I’ll try and read more of the C stuff for handling files/directories
in unix. I can hold out hope for awhile.

Thanks,
Kyle

On 11.01.2008 19:14, Kyle S. wrote:

Entries seems to be fairly identical to collect, and it does look nicer…
but yea still slow.

As I said: it’s the IO for crowded directories (see also Mike’s reply).

The problem with caching is that we only keep quarantine directories
around for 10 days, due to their size and the relative rarity of us
needing to pull something out of it. One reason for writing this as a
script is that we recover rarely enough that whoever is doing it
forgot how to recover. Still, it’s often enough that we want to be
able to do it easily.

In other cases than a mail system, caching would be a very good idea though.

I am not sure I understand why you think it is a bad idea. If you only
cache the number of files per directory where is the issue? Or is this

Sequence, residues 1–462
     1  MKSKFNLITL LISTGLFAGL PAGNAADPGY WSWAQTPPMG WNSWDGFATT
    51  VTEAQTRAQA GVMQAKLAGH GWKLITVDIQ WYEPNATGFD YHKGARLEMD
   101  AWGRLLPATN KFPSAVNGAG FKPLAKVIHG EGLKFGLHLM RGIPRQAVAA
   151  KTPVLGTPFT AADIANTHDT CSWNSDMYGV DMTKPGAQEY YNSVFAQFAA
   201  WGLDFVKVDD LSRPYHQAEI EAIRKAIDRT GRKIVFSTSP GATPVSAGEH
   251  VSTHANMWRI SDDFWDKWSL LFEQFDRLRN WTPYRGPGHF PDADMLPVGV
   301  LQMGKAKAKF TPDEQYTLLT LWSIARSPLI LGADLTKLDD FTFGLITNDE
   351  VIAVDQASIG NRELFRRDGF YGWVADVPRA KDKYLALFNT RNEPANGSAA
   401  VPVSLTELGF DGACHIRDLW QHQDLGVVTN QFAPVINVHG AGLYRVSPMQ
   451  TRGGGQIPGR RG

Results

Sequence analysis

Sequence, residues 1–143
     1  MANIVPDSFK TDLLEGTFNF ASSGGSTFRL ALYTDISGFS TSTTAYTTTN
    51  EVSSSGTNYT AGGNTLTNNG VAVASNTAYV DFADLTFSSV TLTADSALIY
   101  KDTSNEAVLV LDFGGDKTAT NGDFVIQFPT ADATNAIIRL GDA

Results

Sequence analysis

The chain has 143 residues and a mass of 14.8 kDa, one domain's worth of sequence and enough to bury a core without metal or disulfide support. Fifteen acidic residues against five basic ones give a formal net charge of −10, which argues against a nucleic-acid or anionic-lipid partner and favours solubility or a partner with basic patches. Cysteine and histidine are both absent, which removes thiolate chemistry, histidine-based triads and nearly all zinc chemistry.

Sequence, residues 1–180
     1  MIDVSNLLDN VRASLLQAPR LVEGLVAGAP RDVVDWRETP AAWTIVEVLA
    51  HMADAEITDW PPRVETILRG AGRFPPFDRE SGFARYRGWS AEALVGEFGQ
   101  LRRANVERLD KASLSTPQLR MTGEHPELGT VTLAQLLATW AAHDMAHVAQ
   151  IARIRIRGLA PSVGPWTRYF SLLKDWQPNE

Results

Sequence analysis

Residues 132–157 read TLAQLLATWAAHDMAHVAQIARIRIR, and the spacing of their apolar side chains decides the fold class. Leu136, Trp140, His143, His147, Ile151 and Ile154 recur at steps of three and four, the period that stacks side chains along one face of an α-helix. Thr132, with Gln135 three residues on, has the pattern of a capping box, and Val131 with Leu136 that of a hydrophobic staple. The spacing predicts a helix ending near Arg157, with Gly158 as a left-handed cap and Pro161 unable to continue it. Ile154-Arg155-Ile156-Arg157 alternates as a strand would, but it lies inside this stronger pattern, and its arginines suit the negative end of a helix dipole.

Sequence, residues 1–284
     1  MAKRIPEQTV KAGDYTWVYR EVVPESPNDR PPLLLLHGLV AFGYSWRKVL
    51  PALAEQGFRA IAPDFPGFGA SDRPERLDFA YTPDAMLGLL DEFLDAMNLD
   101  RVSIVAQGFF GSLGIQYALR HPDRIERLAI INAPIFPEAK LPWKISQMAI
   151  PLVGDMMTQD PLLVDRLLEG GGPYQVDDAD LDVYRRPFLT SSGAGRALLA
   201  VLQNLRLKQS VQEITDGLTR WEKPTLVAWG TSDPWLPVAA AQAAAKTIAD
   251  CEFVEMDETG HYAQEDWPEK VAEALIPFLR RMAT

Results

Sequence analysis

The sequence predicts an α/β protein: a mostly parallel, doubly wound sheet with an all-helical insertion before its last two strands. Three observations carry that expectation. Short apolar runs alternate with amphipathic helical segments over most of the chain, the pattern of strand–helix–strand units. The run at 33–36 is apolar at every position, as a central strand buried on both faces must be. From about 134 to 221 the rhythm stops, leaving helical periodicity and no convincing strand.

script not invoked regularly? Probably I am missing a bit of your use
case.

I’ll try and read more of the C stuff for handling files/directories
in unix. I can hold out hope for awhile.

Won’t help. It’s really the size of the directory. Maybe you give a
little more detail about your script and when it’s used so we can come
up with better suggestions.

Cheers

robert

Kyle S. wrote:

Entries seems to be fairly identical to collect, and it does look
nicer…
but yea still slow.

The problem with caching is that we only keep quarantine directories
around for 10 days, due to their size and the relative rarity of us
needing to pull something out of it. One reason for writing this as a
script is that we recover rarely enough that whoever is doing it
forgot how to recover. Still, it’s often enough that we want to be
able to do it easily.

If there’s a large number of files in these directories that’s probably
the source of the slowness, not the method used to get the list of
entries.

Many filesystems (some less than others) don’t behave as well when you
get a “large” number of files in one directory. I think the rule of
thumb I’ve used for ext2 filesystems is you’ll start to notice a delay
when you get a few hundred entries, and you’ll start to feel it when you
have thousands.

One way around this (short of installing / upgrading to a new underlying
filesystem that handles these cases better (xfs, for example)) is to